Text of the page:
Average earning assets were $1.0 billion in 2006, an increase of $9.0 million, or 0.9%, from 2005. Average loans outstanding grew to $818.1 million in 2006 from $789.3 million in 2005, an increase of 3.6%. The increase in the interest rate environment was a significant contributing factor to net interest income. The mix of average loans to average total assets increased to 74.50% in 2006 from 72.7% in 2005. For 2006, tax equivalent interest income on loans increased $2.0 million from growth and increased $7.0 million from the impact of the interest rate and competitive environment. Balances of securities and short-term investments decreased $19.8 million on average. Tax equivalent interest income on securities and short-term investments decreased $851,000 from volume changes, and increased $293,000 from the impact of the rate environment, for a net $558,000 decrease to tax equivalent interest income.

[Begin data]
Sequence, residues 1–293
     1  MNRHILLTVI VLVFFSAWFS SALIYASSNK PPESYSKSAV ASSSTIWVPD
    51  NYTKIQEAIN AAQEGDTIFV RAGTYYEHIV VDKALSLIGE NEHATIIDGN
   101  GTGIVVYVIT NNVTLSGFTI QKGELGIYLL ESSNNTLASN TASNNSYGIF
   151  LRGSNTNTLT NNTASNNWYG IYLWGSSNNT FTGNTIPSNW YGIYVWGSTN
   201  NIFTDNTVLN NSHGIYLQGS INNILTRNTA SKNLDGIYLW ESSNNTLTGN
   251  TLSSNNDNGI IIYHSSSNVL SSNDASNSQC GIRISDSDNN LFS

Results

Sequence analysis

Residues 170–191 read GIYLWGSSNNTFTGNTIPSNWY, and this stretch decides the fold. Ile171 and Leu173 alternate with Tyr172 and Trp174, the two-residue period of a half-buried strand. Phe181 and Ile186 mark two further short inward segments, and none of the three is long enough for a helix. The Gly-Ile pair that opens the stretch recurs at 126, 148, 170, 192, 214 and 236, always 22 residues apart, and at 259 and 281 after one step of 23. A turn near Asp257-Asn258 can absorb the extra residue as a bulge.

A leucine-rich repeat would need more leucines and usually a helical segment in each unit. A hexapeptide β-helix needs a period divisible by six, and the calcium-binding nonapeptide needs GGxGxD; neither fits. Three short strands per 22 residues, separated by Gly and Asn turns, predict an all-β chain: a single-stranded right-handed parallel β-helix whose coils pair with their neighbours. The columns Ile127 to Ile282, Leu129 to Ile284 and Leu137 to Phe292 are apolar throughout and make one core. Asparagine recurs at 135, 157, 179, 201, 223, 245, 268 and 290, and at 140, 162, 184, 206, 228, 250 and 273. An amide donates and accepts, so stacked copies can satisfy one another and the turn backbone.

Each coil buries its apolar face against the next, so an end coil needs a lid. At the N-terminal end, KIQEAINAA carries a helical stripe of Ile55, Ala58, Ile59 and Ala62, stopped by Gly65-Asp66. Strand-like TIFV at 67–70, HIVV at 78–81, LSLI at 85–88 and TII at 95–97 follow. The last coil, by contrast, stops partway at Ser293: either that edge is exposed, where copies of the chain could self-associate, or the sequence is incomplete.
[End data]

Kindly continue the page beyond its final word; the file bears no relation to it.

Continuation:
Average interest-bearing liabilities increased $21.2 million, or 2.4%, from 2005, while net free funds (the total of demand deposits, accrued expenses, other liabilities and stockholders’ equity less non-interest earning assets) decreased $12.2 million. The decrease in net free funds is attributable to the shift from demand deposits to NOW accounts. The primary reason for this is the High Performance Checking (HPC) account product offering that originally started in October of 2005. Average non-interest bearing demand deposits decreased by $12.6 million, or 11.7%. Average interest-bearing deposits grew $37.8 million, or 5.2%, to $768.6 million. This growth resulted from increases in interest-bearing demand deposits, savings accounts, and time deposits less than $100,000 offset by a decline in time deposits greater than $100,000. Interest expense on interest-bearing deposits increased $8.4 million from the impact of the rate environment and increased $698,000 from volume and mix changes resulting in an increase of $9.1 million in interest expense. Average wholesale-funding sources decreased by $16.7 million during 2006. For 2006, interest expense on wholesale funding sources decreased by $740,000 due to volume changes and increased by $1.4 million from higher rates, for a net increase of $611,000 versus 2005 results.